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G.R. No.

L-12471, April 13, 1959


ROSARIO L. DE BRAGANZA, ET AL., PETITIONERS, VS. FERNANDO F. DE VILLA
ABRILLE, RESPONDENT.

FACTS:
Rosario L. de Braganza and her sons Rodolfo and Guillermo, received from Fernando F. de Villa Abrille, as a loan,
on October 30, 1944 P70,000 in Japanese war notes and promised in writing to pay him P10,000 "in legal currency
of the Philippine Island two years after the cessation of the present hostilities or as soon as International Exchange
has been established in the Philippines", plus 2% per annum. Because payment had not been made, Villa Abrille
sued them in March 1949. After hearing the parties and their evidence, the court rendered judgment in favor of de
Villa Abrille.
Braganza, claimed to have received P40,000 only—instead of P70,000 and averred that Guillermo and Rodolfo
were minors when they signed the promissory note, filed a petition to the Supreme Court for review of the Court of
Appeals' decision whereby they were required solidarily to pay Villa Abrille the sum of P10,000 plus 2% interest
from October 30, 1944.
ISSUE:
Whether or not Rodolfo and Guillermo de Braganza are bounded by the promissory note considering they were
minors, with the age of 18 and 16 respectively, when they signed it.
RULING:
Being minors, Rodolfo and Guillermo de Braganza could not be legally bound by their signatures in the promissory
note.
The SC did not agree with the Mercado case cited in the decision under review and specified it is different because
the document signed therein by the minor specifically stated he was of age; here the promissory note contained no
such statement. The de Braganzas did not actively present themselves to be of legal age and the notion that they
falsely claimed their age is purely constructive, hence, they cannot be held liable. "The fraud of which an infant
may be held liable to one who contracts with him in the belief that he is of full age must be actual not constructive,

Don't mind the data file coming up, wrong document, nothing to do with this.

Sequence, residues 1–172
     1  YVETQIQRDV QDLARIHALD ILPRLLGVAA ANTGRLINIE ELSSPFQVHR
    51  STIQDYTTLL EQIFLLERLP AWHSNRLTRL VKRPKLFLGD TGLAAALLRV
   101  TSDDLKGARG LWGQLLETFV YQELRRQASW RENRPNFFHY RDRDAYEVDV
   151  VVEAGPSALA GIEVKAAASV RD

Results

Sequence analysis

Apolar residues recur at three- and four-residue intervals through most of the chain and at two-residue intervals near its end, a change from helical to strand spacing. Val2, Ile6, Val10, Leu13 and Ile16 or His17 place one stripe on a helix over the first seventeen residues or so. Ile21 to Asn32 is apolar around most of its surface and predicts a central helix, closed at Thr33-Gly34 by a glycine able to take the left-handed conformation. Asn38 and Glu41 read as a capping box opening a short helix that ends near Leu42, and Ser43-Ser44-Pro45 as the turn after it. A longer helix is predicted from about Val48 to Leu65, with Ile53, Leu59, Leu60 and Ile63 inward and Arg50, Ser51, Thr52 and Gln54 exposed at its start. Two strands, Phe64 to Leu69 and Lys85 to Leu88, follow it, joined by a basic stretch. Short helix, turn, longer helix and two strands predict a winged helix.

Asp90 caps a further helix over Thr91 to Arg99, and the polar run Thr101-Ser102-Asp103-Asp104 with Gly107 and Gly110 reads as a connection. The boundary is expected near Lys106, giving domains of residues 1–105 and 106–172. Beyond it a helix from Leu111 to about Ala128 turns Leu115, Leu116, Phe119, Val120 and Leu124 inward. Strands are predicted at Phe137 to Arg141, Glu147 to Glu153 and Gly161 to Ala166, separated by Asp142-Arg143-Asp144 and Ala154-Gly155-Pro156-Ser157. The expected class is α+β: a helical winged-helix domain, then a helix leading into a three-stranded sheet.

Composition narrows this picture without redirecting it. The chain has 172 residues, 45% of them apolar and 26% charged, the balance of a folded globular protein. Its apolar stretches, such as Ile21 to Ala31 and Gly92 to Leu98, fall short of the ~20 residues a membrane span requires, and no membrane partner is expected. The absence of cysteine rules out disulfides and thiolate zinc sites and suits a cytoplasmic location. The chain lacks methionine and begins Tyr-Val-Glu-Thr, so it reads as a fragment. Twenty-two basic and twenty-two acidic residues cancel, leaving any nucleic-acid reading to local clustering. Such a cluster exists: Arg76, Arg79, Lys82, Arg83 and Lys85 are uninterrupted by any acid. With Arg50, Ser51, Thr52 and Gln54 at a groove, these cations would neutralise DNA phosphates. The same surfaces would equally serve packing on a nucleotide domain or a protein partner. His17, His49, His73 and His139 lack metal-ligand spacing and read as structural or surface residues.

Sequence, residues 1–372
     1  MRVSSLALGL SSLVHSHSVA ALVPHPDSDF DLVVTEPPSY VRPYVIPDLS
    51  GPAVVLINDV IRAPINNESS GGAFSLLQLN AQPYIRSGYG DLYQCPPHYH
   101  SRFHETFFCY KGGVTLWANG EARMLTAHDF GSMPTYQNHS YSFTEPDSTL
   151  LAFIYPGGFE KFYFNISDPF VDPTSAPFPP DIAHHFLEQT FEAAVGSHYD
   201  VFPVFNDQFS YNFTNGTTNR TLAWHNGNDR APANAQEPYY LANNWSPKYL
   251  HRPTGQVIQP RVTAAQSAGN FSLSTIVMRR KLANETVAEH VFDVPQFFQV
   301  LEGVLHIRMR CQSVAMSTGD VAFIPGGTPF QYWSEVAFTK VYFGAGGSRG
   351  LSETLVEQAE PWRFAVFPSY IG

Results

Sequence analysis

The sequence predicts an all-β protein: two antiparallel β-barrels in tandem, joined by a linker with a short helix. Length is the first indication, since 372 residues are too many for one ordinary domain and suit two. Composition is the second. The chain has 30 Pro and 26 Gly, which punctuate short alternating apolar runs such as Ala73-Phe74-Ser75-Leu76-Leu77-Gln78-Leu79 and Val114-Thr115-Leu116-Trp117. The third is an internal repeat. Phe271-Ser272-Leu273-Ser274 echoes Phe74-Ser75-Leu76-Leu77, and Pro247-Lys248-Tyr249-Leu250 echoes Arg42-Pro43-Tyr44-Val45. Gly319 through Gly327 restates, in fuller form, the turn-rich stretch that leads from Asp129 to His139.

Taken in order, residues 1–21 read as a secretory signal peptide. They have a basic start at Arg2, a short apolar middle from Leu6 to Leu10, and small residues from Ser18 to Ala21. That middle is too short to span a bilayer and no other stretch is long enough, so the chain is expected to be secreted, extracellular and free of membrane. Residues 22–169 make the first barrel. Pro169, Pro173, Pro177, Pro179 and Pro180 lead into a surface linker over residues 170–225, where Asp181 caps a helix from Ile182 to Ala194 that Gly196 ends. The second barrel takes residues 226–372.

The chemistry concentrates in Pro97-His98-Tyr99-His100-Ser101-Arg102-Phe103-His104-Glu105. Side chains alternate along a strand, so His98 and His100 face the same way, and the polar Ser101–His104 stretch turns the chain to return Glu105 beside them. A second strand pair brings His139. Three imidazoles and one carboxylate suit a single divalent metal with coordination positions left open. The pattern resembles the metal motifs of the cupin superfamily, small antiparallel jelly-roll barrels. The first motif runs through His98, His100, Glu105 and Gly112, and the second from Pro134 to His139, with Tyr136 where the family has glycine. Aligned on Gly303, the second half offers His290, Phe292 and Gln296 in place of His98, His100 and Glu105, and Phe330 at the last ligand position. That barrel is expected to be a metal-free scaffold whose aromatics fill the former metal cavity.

and mere failure of the infant to disclose his age is not sufficient." (27 American Jurisprudence, p. 819.)
On the other hand, they may not be entirely absolved from monetary responsibility. In accordance with the
provisions of the Civil Code, even if their written contract is unenforceable because of non-age, they shall make
restitution to the extent that they may have profited by the money they received. (Art. 1340) There is testimony
that the funds delivered to them by Villa Abrille were used for their support during the Japanese occupation. Such
being the case, it is but fair to hold that they had profited to the extent of the value of such money.
Wherefore, as the share of these minors was 2/3 of P70,000 or P46,666.66, they should now return P1,166.67. Their
promise to pay P10,000 in Philippine currency, cannot be enforced, as already stated, since they were minors
incapable of binding themselves. Their liability is presently declared without regard of the said promissory note,
but solely in pursuance of Article 1304 of the Civil Code.
Accordingly, the appealed decision should be modified in the sense that Rosario Braganza shall pay 1/3 of P10,000
i.e., P3,333.33 plus 2% interest from October 1944; and Rodolfo and Guillermo Braganza shall pay jointly to the
same creditor the total amount of P1,166.67 plus 6% interest beginning March 7, 1949, when the complaint was
filed.